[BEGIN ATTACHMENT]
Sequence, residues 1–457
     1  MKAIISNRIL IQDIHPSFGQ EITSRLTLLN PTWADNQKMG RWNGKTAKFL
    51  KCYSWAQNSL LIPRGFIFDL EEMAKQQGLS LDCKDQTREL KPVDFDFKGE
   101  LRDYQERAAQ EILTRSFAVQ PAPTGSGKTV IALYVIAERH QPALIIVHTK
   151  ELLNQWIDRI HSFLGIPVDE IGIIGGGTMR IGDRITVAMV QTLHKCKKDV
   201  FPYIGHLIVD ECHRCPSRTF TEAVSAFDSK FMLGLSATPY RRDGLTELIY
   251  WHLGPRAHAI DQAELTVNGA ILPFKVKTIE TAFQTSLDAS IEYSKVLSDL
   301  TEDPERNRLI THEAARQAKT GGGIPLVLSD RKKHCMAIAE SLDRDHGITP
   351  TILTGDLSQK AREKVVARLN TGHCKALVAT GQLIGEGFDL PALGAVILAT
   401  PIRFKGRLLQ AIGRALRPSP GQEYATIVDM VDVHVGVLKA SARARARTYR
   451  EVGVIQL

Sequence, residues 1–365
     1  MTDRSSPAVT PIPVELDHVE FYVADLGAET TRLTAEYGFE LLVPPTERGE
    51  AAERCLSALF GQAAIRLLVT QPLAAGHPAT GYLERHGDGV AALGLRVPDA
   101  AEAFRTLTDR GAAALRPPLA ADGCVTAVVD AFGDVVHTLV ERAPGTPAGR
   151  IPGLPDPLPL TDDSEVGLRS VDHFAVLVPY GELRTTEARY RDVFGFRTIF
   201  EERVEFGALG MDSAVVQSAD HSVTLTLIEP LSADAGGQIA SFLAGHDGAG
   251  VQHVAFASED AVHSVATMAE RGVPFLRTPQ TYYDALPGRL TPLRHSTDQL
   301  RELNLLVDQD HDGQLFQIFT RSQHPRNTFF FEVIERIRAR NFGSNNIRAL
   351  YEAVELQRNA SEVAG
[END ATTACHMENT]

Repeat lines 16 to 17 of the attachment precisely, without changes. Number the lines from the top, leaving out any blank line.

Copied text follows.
   151  IPGLPDPLPL TDDSEVGLRS VDHFAVLVPY GELRTTEARY RDVFGFRTIF
   201  EERVEFGALG MDSAVVQSAD HSVTLTLIEP LSADAGGQIA SFLAGHDGAG